Artist's awe-inspiring underwater reef complete
'The Silent Evolution' by Jason deCaires Taylor is comprised of 400 permanent sculptures in Mexican waters.
Tue, Nov 09, 2010 at 12:22 PM
Photos courtesy of Jason deCaires Taylor
Coral reefs are an integral part of oceanic wildlife. They make up less than 0.2 percent of the world’s oceans, but they are home to one-fourth of all marine life. They filter the water, feed the fish, buffer coastal areas from storms, and provide homes for oceanic life. And as the Los Angeles Times recently reported, a coral reef-like structure can also take the form of an impressive underwater art exhibit.
Artist Jason deCaires Taylor recently completed “The Silent Evolution,” an underwater museum and permanent sculpture exhibit set up in the waters near Cancun, Mexico. It is located in the National Marine Park of Isla Mujeres, Cancun and Punta Nizuc. Experts hope that the exhibit, easily accessible by snorkeling, will alleviate some of the tourist traffic on the nearby natural coral reefs. Cancun Marine Park is in close proximity and receives up to 750,000 tourists annually.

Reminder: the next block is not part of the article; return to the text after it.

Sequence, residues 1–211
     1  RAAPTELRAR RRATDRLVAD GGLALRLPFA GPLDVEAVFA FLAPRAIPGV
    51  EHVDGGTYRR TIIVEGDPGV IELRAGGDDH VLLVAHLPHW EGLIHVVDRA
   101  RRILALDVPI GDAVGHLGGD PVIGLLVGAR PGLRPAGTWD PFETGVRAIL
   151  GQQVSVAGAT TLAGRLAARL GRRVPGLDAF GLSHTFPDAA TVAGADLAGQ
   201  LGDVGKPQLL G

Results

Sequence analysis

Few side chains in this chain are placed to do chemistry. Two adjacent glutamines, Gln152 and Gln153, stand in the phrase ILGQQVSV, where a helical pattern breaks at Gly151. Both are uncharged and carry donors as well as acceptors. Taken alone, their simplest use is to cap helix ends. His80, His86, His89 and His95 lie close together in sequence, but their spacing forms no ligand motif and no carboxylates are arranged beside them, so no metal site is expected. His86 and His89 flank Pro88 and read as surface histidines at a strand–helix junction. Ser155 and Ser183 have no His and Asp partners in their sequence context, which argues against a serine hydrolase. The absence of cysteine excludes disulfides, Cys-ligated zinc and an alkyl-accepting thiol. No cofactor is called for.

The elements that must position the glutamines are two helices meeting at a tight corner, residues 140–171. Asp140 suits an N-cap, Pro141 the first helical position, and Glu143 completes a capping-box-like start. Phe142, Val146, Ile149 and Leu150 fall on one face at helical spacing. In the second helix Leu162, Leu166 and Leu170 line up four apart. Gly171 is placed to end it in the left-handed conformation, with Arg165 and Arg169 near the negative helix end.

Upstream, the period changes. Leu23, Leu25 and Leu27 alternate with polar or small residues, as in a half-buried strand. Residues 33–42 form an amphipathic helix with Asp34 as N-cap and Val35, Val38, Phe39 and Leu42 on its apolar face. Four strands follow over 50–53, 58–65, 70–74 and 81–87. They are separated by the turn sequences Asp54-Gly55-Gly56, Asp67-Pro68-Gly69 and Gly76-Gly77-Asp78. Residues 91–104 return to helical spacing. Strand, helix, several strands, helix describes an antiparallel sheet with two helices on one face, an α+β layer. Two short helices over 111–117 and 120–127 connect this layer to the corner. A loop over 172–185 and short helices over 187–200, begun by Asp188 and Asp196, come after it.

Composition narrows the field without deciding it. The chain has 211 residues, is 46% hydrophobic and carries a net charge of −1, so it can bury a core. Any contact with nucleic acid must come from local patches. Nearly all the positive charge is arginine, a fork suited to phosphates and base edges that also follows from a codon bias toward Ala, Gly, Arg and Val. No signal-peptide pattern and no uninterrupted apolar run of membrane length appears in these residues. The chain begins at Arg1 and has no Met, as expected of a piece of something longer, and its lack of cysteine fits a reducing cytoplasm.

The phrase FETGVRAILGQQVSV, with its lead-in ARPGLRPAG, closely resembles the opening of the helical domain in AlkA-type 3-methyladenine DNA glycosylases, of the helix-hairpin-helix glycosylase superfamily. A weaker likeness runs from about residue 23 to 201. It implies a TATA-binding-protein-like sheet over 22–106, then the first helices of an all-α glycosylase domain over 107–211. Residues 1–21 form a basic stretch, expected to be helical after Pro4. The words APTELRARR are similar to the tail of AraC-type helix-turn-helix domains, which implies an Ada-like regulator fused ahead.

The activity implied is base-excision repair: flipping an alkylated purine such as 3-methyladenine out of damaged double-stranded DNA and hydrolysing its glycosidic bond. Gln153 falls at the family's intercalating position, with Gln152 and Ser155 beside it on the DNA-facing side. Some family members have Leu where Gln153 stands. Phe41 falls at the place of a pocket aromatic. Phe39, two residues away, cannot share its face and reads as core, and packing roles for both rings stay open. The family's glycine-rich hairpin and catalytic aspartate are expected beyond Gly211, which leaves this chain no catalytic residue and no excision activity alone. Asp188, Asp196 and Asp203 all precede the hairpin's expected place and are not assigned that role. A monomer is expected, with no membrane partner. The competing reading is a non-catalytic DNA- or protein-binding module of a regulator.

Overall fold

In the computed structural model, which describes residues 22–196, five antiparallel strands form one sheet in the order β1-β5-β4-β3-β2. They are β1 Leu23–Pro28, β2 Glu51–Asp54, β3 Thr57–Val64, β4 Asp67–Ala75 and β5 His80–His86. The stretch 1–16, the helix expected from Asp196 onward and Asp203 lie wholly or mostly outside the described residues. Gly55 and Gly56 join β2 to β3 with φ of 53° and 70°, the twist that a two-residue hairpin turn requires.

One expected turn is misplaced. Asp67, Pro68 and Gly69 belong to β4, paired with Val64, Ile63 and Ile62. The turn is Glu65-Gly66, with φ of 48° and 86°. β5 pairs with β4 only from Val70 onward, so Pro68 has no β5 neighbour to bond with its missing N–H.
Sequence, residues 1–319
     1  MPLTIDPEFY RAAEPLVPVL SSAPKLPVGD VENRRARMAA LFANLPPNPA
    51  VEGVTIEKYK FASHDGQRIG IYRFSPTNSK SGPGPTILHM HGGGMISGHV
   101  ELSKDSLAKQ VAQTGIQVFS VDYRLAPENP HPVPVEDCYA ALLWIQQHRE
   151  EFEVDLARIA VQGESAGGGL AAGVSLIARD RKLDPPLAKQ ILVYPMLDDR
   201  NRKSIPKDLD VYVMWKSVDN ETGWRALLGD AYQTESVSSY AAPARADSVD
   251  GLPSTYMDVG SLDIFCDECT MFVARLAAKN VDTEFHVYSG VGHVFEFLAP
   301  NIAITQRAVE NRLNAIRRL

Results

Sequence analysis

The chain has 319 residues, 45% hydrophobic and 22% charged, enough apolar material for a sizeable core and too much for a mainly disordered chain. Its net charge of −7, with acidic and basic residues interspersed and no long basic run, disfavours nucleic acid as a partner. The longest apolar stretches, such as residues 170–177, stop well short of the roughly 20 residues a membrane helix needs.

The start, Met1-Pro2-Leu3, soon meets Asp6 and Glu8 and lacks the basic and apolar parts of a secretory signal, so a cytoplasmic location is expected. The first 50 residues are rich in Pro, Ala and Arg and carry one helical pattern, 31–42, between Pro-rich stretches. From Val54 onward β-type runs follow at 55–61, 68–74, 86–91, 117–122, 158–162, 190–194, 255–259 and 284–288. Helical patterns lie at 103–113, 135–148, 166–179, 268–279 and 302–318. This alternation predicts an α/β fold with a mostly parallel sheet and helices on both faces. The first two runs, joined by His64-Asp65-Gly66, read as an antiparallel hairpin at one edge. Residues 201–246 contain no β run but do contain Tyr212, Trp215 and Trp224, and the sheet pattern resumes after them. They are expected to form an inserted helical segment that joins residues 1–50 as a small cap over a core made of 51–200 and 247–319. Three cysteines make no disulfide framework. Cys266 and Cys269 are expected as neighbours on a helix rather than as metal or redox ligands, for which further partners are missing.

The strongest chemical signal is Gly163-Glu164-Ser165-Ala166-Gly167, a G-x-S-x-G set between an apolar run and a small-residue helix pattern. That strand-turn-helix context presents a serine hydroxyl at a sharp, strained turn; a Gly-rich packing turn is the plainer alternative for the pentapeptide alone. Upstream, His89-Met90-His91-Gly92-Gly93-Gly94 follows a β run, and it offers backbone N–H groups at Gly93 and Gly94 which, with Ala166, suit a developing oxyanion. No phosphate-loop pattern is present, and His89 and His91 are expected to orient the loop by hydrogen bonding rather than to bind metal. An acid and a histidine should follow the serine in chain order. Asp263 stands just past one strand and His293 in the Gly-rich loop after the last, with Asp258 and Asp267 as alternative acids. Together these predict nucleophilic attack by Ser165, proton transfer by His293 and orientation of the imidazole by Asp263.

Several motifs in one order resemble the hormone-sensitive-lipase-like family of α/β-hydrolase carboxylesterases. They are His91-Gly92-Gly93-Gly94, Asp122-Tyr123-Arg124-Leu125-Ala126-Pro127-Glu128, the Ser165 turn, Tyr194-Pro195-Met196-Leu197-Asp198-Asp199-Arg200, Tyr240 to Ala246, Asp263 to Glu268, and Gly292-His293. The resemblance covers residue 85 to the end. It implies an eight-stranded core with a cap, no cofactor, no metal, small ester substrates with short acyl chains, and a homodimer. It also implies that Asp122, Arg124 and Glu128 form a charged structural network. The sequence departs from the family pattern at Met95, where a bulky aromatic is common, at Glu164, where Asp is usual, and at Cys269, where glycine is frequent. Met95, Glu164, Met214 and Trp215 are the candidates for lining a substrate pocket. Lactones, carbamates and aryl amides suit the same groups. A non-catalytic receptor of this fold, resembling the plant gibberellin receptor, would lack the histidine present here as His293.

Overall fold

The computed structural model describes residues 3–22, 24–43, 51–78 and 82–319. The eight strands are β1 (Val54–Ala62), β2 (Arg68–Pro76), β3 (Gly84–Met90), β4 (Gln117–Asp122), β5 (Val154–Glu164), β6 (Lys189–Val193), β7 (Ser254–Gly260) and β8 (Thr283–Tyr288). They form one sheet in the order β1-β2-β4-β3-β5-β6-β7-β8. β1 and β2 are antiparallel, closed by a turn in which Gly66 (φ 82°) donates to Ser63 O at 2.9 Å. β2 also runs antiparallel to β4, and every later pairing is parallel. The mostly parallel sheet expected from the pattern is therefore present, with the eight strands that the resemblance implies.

Called “awe-inspiring” and “surreal” by the L.A. Times, the exhibit is 400 sculptures of people standing silently on the ocean floor, eyes closed, heads tilted towards the surface. As deCaires Taylor told the L.A. Times, the exhibit has “taken 18 months, required 120 tons of cement, sand and gravel, 3,800m of fiberglass, 400kg of silicone, 8,000 miles of red tape, 120 hours working underwater and $250,000."
Coral reefs are under assault all over the globe. Sewage and agricultural run-off from coastal areas poison many reefs via toxic algae blooms that can cut off their much-need oxygen supply. Human visitors also cause extensive damage by literally knocking into the ecosystems, breaking off pieces of souvenir coral, and dragging boats and anchors across its fragile surfaces.
Further, as ocean temperatures increase, reefs are succumbing to “coral bleaching.” This is the process in which coral expels some of its inhabitants due to heated waters, leaving them white and lifeless. Fossil records date some of the oldest corals on Earth to be 500 million years old, and yet they are under grave assault from warming temperatures and mankind’s encroachment.
Made from environmentally friendly materials, deCaires Taylor’s sculpture promotes awareness of the plight of coral. The artist says his sculpture garden in Mexico is only in the first stages of development. As he told the Los Angeles Times, "I would also like to point out that this installation is by no means over and the second phase is dependent on nature's artists of the sea, to nurture, evolve and apply the patina of life."
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